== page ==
Is prevenient grace still amazing grace?


John Calvin                         Jacob Arminius

(images courtesy Wikipedia)

By Spencer D Gear

One of the hottest topics of controversy between Arminians and Calvinists is the nature of grace extended to unbelievers. Arminians call their position ‘prevenient grace’ and the Calvinist position supports ‘irresistible grace’ in relation to salvation.

6pointShinny-small What is prevenient grace?

Grace Candle

(image courtesy ChristArt)

Roger Olson, an Arminian, stated that prevenient grace “is the powerful but resistible drawing of God” towards the unbeliever. ‘Prevenient grace’ is not a biblical term, “but it is a biblical concept assumed everywhere in scripture” (2006:159).

The Remonstrants,[1] Article 4, described it this way:

That this grace of God is the beginning, continuance, and accomplishment of all good, even to the extent that the regenerate man himself, without prevenient or assisting, awakening, following and cooperative grace, can neither think, will, nor do good, nor withstand any temptations to evil; so that all good deeds or movements that can be conceived must be ascribed to the grace of God in Christ. But with respect to the mode of the operation of this grace, it is not irresistible, since it is written concerning many, that they have resisted the Holy Spirit (Acts 7, and elsewhere in many places).

The Remonstrants understood that there was only one way to eternal salvation and that was achieved when God’s grace came to human beings before, during and after justification. Why was God’s grace needed in this way? It was because, as the Remonstrants stated, that no human being could ‘think, will, nor do good’ unless they received God’s prevenient or assisting grace.

Why do people not receive this assisting grace from God? It is because human beings are created with a free will to accept or reject God’s prevenient grace. The resistance by people is not because of God’s doing, it is because of the rebelliousness of the human heart and people choose to reject this prevenient grace.[2] This failure of human beings to believe is not blamed on God (i.e. he did not give irresistible grace to people) but on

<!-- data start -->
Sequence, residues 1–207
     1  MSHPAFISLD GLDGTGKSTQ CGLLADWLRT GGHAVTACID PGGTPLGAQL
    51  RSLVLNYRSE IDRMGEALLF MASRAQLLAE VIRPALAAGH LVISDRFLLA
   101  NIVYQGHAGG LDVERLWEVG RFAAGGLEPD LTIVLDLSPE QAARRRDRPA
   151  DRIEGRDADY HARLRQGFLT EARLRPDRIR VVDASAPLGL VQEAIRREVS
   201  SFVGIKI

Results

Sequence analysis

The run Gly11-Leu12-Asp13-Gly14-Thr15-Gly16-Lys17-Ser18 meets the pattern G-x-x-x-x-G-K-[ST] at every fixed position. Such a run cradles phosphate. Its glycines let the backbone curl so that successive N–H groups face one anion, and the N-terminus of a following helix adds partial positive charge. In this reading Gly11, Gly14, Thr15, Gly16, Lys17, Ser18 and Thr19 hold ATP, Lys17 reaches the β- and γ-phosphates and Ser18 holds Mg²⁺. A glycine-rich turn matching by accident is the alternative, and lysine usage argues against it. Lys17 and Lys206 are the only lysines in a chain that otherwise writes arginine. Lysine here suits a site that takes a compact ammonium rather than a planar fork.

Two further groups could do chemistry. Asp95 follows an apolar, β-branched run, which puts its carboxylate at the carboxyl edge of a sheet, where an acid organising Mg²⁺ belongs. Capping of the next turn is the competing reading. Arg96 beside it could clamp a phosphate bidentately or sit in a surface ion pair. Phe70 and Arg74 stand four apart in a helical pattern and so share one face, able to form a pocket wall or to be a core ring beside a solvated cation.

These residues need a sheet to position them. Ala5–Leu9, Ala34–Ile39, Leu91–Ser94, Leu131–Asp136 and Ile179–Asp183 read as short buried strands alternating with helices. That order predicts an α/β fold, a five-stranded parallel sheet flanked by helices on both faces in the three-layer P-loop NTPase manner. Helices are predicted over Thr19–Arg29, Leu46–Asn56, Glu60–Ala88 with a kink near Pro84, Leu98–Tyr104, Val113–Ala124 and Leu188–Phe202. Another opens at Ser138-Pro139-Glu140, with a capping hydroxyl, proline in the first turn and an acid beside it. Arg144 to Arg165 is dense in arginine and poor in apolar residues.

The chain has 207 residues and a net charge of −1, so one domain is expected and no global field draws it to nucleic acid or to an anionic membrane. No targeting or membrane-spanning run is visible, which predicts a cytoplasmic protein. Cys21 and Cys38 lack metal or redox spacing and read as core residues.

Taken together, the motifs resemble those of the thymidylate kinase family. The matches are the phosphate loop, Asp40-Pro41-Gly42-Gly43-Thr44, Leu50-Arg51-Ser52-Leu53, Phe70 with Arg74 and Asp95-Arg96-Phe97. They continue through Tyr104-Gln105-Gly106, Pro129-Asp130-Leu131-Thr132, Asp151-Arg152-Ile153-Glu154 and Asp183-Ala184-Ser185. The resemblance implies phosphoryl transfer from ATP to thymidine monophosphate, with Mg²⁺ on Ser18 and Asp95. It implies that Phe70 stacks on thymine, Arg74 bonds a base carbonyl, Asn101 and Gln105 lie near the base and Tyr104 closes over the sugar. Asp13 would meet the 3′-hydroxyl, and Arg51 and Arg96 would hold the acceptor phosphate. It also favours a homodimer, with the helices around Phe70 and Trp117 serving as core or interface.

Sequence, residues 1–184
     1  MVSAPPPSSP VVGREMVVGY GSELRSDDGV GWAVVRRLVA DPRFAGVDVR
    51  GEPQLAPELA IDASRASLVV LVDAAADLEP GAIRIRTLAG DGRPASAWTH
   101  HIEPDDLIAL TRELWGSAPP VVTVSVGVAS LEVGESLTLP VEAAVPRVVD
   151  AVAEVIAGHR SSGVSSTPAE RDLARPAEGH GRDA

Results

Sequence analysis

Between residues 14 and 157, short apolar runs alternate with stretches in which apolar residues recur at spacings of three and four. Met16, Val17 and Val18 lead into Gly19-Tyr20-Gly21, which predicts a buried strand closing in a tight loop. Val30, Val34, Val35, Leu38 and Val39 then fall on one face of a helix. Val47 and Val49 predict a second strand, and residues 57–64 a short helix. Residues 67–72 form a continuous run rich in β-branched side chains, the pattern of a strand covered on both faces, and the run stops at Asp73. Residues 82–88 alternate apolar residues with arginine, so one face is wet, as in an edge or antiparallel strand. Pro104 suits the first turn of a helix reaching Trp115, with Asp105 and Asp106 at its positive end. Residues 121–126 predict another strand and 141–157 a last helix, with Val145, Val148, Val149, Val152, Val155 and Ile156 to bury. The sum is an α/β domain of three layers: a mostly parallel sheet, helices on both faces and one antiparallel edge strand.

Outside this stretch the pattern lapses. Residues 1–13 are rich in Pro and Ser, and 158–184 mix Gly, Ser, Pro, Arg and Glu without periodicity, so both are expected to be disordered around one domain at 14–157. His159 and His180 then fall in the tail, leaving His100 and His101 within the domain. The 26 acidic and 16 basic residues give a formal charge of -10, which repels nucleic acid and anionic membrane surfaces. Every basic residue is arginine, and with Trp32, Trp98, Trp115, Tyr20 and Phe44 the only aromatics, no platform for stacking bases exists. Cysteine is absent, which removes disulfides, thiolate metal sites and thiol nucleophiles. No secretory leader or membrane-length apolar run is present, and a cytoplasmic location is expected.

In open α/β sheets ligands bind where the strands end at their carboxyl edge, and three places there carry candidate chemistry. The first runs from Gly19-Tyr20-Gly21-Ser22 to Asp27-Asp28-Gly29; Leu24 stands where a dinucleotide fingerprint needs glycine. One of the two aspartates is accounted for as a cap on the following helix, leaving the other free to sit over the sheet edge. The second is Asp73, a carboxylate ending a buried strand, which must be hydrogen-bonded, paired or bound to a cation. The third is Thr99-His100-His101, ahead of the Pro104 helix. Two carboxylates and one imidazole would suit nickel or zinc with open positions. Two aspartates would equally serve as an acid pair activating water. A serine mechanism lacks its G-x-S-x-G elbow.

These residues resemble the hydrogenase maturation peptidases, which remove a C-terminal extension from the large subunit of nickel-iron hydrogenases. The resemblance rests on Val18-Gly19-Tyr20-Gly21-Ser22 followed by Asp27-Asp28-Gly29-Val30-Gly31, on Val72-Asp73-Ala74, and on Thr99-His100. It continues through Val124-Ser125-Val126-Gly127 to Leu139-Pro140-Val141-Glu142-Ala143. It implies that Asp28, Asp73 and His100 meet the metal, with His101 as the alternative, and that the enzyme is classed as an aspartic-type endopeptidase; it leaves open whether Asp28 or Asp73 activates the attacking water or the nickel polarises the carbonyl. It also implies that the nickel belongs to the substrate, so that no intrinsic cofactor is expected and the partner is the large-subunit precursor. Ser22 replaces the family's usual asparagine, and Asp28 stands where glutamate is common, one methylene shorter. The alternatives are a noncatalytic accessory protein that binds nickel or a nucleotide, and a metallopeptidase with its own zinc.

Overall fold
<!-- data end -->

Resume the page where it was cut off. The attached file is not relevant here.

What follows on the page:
the rebellion and resistance of fallen human beings. God created human beings with the free will wither to cooperate with God and receive His grace or to reject finally God’s gracious gift…. Human beings would have no salvation at all apart from the grace of God; but God refuses to actualize that salvation in the life of anyone who continually resists God’s grace, refuses to humbly receive it, and finally rejects it’ (Lemke 2010:110).

6pointShinny-small What is irresistible grace?

Saved by Grace

(imaged courtesy ChristArt)

R. C. Sproul (1992:169-170), a Calvinist, describes irresistible grace as ‘effectual calling’. For Sproul,

the effectual call of God is an inward call. It is the secret work of quickening or regeneration accomplished in the souls of the elect by the immediate supernatural operation of the Holy Spirit…. Effectual calling is irresistible in the sense that God sovereignly brings about its desired result…. irresistible in the sense that God’s grace prevails over our natural resistance to it.

We need to understand that the language of ‘effectual calling’ is a way to soften the language of ‘irresistible grace’, with the latter coming with overtones of God forcing a person to receive salvation. Lemke (2010:112) considers that ‘some contemporary Calvinists seem to be a little embarrassed by the term “irresistible grace” and have sought to soften it or to replace it with a term like “effectual calling”‘.

While Sproul (1992), Spurgeon (1856) and J. I. Packer (1993:152-153) use the language of ‘effectual calling’, other Calvinists are more up front in emphasising that grace that brings about salvation cannot be refused – people are unable to resist. Packer’s language is that ‘in effectual calling God quickens the dead’, people understand the gospel through the Holy Spirit enlightening and renewing the hearts of elect sinners. They embrace this ‘truth from God, and God in Christ becomes to them an object of desire and affection’ as they are now regenerate and have been enabled ‘by the use of their freed will to choose God and the good’ and receive Jesus Christ as Lord and Saviour (Packer 1993:153). Spurgeon (1856) said, ‘If he shall but say, “To-day I must abide at thy house,” there will be no resistance in you…. If God says “I must,” there is no standing against it. Let him say “must,” and it must be’.

Steele, Thomas and Quinn (2004:52-54), as Calvinists, are more to the point, using the language that ‘the special inward call of the Spirit never fails to result in the conversion of those to whom it is made’. It is issued ‘only to the elect’ and the Spirit does not depend on ‘their help or cooperation’. In fact, ‘for the grace which the Holy Spirit extends to the elect cannot be thwarted or refused, it never fails to bring them to true faith in Christ’. That sounds awfully like God forcing the elect to come to Christ and by implication, leaving the non-elect to damnation.